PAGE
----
“Youths are the leaders of tomorrow.”
“Youths are the future leaders.”
Presumably, every person older than a toddler has heard these quotes or any of their numerous cousins. It is ingrained in the human consciousness that every generation will at some point be replaced by a younger one. However, for many youths, tomorrow remains elusive, perpetually unreachable because they never realize that tomorrow starts now.
Recently, in a youth organization where I belong, it was time to conduct an election for a new set of executives. Accordingly, notices were issued for a general meeting, with the insertion that an election would hold during the meeting. As I have observed in several similar situations, some members stayed away from the meeting.
When we reached the time for the election, a litany of rejections, dissensions and excuses began flowing. Some persons had come prepared, ready to obliterate any attempt to nominate them for any role. Excuses ranged from “I’m not interested”, to “I don’t think I’m capable”, to “I don’t want stress”. At a point, it seemed like a bye-election would have to be organized later. However, after all the dodging and hiding, all the executive roles were filled.
If youths are tomorrow’s leaders, and it is often said, “leaders are made, not born”, why then do today’s youths see leadership as a bogeyman? By leadership, I’m referring to leadership as a service, not the greedy self-enrichment mutation loved by a good number of persons. If this organization were one that offered the potential to embezzle huge funds, there would have been acrimonious jostling for positions. However, because there is little money to corner, the leadership roles lose any sense of glamour.
Let’s look at some of the tendered reasons. “I’m not interested”. Those in this group go to any length to show a gulf between them and leadership. They believe that trying to close the gulf is like trying to build an asphalt road from the earth to the sun. Some in this group are coated with a veneer of rudeness. Declining politely is not a valid move in their playbook, so their lips readily spill words without any prior filtering.
Unfortunately, several vehement critics fall into this category. They are professionals at criticizing people in charge, but refrain from presenting themselves in that “vulnerable” position at the top. They are experts at finding faults, and ignoramuses at fixing them. To me, people who are unwilling to lead do not have any moral right to criticize those who lead. Another unfortunate thing about this group is that some of them actually aspire for bigger positions in life. How can a person aspire to someday be the CEO of a large organisation, yet, be unwilling to start by leading a small team? The Bible talks about “not neglecting the days of humble beginnings”. These ones are uninterested in small beginnings, and they either never reach the top, or should an accident plant them there, their lack of leadership experience wrecks whatever organisation is entrusted to them.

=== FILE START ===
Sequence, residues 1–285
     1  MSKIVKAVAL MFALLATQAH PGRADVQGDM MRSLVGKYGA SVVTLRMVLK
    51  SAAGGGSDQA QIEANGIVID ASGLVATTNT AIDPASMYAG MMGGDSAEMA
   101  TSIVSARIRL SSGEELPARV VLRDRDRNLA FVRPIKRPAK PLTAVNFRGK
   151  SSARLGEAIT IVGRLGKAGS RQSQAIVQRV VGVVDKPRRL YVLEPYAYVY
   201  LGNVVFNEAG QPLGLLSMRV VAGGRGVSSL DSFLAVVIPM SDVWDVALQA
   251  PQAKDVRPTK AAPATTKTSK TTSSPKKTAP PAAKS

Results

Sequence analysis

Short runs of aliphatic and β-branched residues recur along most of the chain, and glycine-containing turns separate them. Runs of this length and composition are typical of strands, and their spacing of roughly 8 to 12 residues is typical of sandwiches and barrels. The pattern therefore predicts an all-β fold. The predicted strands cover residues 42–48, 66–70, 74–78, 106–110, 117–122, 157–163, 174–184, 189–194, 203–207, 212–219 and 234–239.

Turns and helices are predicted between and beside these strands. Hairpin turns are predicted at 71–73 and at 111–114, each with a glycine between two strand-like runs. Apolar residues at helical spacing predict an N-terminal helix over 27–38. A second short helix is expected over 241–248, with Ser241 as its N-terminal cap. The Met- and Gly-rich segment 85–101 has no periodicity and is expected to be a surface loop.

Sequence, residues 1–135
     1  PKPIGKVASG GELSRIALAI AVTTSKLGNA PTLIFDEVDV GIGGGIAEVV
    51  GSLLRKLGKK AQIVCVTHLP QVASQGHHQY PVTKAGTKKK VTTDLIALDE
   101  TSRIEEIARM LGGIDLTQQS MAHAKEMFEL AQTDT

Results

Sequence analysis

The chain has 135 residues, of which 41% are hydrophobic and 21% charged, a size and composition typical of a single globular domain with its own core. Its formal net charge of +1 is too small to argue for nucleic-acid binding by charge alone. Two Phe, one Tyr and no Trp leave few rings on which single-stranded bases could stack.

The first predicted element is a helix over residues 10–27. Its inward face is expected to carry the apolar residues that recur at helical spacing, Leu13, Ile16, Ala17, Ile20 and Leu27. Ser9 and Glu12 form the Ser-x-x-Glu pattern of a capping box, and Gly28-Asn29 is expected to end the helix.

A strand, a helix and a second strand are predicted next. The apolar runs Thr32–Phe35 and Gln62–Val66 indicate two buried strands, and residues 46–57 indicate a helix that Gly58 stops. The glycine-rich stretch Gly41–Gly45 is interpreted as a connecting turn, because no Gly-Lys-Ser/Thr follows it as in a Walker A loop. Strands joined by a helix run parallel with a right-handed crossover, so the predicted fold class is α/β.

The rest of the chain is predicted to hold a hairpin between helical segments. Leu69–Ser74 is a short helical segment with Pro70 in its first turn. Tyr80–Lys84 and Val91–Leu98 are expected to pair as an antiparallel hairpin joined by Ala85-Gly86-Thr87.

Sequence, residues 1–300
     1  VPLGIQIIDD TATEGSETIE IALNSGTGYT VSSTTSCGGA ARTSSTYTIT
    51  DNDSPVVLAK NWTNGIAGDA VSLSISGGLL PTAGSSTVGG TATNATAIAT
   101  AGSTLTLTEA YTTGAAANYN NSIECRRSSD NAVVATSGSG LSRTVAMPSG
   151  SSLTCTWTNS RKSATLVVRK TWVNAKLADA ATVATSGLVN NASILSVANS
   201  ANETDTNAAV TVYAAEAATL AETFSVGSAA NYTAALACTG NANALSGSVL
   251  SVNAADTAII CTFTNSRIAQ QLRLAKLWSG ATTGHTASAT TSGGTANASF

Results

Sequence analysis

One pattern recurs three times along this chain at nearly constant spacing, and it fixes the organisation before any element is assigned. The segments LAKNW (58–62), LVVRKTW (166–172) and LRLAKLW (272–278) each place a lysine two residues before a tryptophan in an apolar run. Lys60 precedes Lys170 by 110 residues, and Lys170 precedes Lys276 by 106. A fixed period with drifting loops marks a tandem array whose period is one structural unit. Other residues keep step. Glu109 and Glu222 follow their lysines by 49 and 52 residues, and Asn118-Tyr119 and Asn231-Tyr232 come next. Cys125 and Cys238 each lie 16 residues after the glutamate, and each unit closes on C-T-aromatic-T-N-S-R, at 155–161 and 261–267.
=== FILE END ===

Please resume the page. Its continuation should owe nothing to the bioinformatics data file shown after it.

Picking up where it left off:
The second category says, “I don’t think I’m capable”. Some persons in this group have low self-esteem—they have no belief in themselves. Hence, they avoid any role that would create expectations from them. For some others, they have previously failed in a place of responsibility. Hence, hiding behind the veil of failure, they shy away from leadership. What this group fails to realize is that capability is not built in a day. Capability is built from hard work, diligence, experiences, failures and successes. It is a gradual process.
Hiding behind incapability is akin to a chicken-and-egg scenario. The perceived lack of capability deters them from leadership ventures, and the lack of leadership experience perpetuates the lack of capability. The only way to break this vicious cycle is to launch forth and learn on the job. Falling down is part of a toddler’s regimen to learn how to walk. Even the world’s fastest sprinters were once as slow as snails, crawling on the floor. To lead big, one needs to start small and learn. Making mistakes in a small setting can help prevent such mistakes from happening on the big stage.
“I don’t want stress.” In fairness, this group may seem to have a point. Leadership is not easy, especially when the organisation is not made up of robots, but human beings with varied pasts, manners and proclivities. The art of leadership—whether as a head or as a follower—involves a blend of several resources— mental, emotional, physical, and financial. Nonetheless, who said “stress” could not be “fun”? The best sportsmen spend hours in training, straining their limbs, and then sweat it out for spectators’ delight. The thrill of success makes every sweat, every strained muscle worth it.
The same can be said about leadership. The “stress” cannot be compared to the rewards of leadership. Every discomfort, every undue criticism, every unexplained string of bad luck, every failure, every rejection, builds leadership muscle—muscle that would be required in the present future. People in this group need to learn that stress is not necessarily a bad thing. What matters is what you do with it.
If youths are to lead tomorrow, then we must learn how to lead and how to follow. Although leadership transcends just having a position, we must learn that being on the podium provides a richer clime for learning. We cannot run from leadership and expect to be good leaders in the future. If we choose to wait for tomorrow, we would never see tomorrow, because the tomorrow we seek has already started. It is now!